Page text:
As for the "It is all about economic cycles--forget philosophy" I rest my case on that conveyance and will see how your interview goes going forward with the other 10 percent  attitude, but I am sure I am missing your context. I will be painfully blount. They do not care at all what you think since there are layers to insulate why they do not care. Many still work Corporate and if you have to ask what is going on the Bus already ran you over.

Wed, 11/10/2010 - 11:59 | Link to Comment doolittlegeorge
doolittlegeorge's picture

They've taken "God" out of economics.  Can't have one without the other.  I put the word in quotes because no matter the math ultimately all ecnomic theory devolves into a belief system.  Not telling you what to do but I see nothing wrong with going to church on Sunday, realizing "we really have no control over this" and most importantly "giving it a rest."  Simply put this so called "money machine" refuses to give unto God what is God's and needless to say "they're over the top when it comes to giving unto Caeser" in the form of Washington DC, the Fed and "Congress."  Well--some call 'em recessions, I call 'em "God." This happens to be "Caeser's recession"--the Democrats should have stopped asking for our money--instead they passed a trillion dollar health care "entitlement"--more to the point "they aren't getting anymore money, anyways."   The result?  To start with "i ain't votin' for you, phucker."

Wed, 11/10/2010 - 11:10 | Link to Comment geno-econ
geno-econ's picture

Nothing wrong with economic theory , but a lot is wrong in practice and is in the eye of the beholder. If you accept the global econmic model then the US is in decline for many reasons dealing with deficits, stagnant military adventures, decline in resourses  and social values. However economists and polititians do a great white wash by saying it is not our fault---economic theory is being impeded by others whether it be China, lack of education,corruption, level playing field etc.  Often the discussion drifts to religion and philosophy ----afterall the US personifies democracy , free enterprise, free thought ,ingenuity, creativity and certainly we should be the winners in the global market place. This hubris is misleading , and the sooner we wake up the better. It is all about economic cycles--forget philosophy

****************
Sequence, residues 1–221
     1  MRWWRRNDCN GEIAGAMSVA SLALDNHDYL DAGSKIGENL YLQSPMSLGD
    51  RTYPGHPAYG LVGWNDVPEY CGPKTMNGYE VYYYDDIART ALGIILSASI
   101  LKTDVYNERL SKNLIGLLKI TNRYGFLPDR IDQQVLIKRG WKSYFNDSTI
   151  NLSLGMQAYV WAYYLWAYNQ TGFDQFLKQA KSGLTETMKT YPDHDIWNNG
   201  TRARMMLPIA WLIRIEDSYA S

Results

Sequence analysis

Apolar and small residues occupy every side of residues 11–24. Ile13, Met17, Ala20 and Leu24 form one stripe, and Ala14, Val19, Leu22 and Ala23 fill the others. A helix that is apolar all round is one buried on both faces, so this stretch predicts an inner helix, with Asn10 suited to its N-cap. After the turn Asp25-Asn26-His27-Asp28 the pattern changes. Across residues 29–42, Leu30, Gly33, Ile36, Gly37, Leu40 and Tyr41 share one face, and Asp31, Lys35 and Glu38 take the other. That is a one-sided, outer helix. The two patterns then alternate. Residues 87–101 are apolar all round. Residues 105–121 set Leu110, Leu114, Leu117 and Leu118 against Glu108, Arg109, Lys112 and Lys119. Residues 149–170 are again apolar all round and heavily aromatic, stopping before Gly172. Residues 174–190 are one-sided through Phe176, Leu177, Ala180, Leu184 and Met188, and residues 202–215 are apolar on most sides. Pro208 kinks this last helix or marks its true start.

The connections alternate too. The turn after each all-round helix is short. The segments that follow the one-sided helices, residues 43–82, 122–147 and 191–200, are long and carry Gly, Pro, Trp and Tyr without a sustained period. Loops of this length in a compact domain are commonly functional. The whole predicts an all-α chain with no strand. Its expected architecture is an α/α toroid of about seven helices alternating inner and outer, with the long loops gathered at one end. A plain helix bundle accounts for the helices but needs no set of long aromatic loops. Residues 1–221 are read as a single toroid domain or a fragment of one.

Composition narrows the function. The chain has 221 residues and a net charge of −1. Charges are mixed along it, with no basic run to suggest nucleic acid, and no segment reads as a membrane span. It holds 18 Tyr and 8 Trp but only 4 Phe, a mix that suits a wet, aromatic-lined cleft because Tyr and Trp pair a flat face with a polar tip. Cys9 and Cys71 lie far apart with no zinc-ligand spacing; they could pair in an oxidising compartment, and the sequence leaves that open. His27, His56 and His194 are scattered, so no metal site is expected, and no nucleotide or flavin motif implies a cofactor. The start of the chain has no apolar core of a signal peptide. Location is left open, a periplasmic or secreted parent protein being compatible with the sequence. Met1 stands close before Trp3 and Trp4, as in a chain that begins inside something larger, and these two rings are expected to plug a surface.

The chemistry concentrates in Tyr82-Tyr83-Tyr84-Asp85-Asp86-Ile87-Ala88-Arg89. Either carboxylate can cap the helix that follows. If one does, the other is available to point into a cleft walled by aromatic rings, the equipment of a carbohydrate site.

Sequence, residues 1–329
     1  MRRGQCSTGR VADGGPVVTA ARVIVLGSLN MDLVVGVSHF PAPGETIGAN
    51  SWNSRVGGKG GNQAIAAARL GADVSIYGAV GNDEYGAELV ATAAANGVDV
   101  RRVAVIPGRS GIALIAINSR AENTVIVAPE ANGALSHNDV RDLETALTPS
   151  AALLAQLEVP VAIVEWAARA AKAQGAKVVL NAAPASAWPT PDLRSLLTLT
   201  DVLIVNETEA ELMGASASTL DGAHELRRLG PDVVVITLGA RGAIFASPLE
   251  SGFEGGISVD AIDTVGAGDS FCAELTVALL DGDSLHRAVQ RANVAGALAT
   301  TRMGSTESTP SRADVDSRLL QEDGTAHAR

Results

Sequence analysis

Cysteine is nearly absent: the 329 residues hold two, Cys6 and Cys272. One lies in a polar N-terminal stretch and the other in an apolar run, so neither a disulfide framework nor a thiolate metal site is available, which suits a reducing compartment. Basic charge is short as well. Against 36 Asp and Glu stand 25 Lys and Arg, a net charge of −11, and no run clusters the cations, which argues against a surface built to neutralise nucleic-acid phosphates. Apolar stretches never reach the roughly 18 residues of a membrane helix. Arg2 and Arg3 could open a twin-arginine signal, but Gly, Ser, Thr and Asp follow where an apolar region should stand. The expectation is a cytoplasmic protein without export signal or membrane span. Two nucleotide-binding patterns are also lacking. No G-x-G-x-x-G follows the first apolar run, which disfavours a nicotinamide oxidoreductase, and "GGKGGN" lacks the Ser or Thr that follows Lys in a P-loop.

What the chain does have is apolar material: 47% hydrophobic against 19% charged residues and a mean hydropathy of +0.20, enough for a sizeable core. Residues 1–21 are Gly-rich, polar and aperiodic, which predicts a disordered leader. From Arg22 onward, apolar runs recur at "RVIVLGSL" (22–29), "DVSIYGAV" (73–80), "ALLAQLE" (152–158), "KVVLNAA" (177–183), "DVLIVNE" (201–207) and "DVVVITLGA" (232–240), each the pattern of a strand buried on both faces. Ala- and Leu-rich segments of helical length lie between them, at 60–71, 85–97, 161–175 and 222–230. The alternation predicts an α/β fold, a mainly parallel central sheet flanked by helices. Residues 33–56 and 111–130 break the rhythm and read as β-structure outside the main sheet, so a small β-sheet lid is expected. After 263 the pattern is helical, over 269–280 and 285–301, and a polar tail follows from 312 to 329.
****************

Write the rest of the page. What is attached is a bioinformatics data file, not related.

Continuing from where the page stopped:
Wed, 11/10/2010 - 11:07 | Link to Comment ChanceIs
ChanceIs's picture

Smart people ALWAYS question the underlying work of their predecessors.  Witness Galileo and Copernicus.  Geithner, Summers, and Bernanke still think that the world is flat and the center of the universe.  I give them second rate intelligence marks.  They recognized the economic game as one wherin one does just enough academic work spouting back to vain economists professors their bullshit theories in order to get high marks on tests and advance to the prestgious name graduate economic schools.  The process repeats there (further reinforcing itself).  They then get great paying jobs in federal institutions and go back to their mother academic ivory towers when the term is over for even greater SALARIES.  Emphasis on SALARIES.  Any of those three ever make a payrooll?

Wed, 11/10/2010 - 12:02 | Link to Comment IQ 145
IQ 145's picture

 Yes. Exactly.

Wed, 11/10/2010 - 10:05 | Link to Comment LongSoupLine
LongSoupLine's picture

You lost me in the article when you stated the "smart people" have "the best intentions"